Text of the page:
When performing at the elite level in female elite junior ballet, the teacher-student relationship is crucial in reaching performance development (Jowett, 2017). Shared Reality Theory (SRT; Echterhoff & Higgins, 2018; Higgins, 2019) holds significant potential for studying the reciprocity in the relationship between people. Thus, the purpose of the present study was to explore (a) how a shared reality (Higgins, 2019) is established, or fails to be established, over the course of the dancing partnership between the teacher and his/her ballet students; and (b) how experiencing a shared reality (or not) in the teacher-student relationship is related to the experienced quality of the relationship the teacher and his/her ballet students develop and maintain over the course of a 8-month period.
Three female elite junior ballet students and their primary ballet teacher were purposefully sampled and examined using a semi-structured interview (Patton, 2014). To explore the participants’ experiences, we used narrative inquiry and analyzed the data through an inductive and deductive approach (Clandinin & Connelly, 2000; Smith & Sparkes, 2009a, 2009b). The narrative analysis showed that there was a shared reality in the teacher-student relationship on an epistemological level. However, findings indicated that achieving a shared reality between the teacher and his/her students in ballet, at a relational level, may be difficult concerning the premises of the traditional ballet culture (Echterhoff & Higgins, 2018; Higgins, 2019; Lakes, 2005).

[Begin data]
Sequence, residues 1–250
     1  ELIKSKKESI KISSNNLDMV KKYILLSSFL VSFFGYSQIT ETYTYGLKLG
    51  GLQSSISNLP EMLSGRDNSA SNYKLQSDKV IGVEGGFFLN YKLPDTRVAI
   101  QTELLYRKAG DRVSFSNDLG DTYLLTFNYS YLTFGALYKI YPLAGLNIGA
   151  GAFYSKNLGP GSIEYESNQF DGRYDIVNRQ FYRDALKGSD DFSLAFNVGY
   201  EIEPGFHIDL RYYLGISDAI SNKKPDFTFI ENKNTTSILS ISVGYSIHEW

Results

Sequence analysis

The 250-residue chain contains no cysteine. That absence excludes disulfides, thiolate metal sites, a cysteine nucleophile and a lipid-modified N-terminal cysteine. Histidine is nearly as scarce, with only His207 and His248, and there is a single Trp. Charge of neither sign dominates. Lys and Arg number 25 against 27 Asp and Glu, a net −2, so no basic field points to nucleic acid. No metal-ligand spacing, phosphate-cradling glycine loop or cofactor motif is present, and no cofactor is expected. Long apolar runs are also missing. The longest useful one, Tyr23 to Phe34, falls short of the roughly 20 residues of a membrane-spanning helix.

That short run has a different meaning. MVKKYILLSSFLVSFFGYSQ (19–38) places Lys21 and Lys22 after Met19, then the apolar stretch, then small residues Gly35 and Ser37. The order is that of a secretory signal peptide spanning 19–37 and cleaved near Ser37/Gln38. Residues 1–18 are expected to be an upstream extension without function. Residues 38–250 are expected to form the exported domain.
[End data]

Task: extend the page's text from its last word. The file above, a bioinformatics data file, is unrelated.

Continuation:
The findings are interpreted and discussed in light of relevant literature in the domain of performing arts, sports, and social psychology. The practical implications of the findings suggest that it may be beneficial to create a shared reality on a functional (e.g., epistemic motive) and personal (e.g., relational motive) level to enhance the wellbeing and personal development among teacher and students in the context of elite junior ballet (Echterhoff et al., 2009; Higgins, 2019). The findings in this study can provide meaning to the experiences found in the context of the teacher-student relationship in elite junior ballet. However, the representation of the various narratives is only one way of envisioning their lived lives, as told in these unique, personal stories (Smith & Sparkes, 2009b; Smith, 1984). Future research should investigate the different teacher-student relationships within a class of students, include perceptions of both male and female students, investigate the teacher-student relationship over three years to provide insight into the educational schooling in elite junior ballet, and investigate how professional ballet academies can use and employ research to enhance performance development.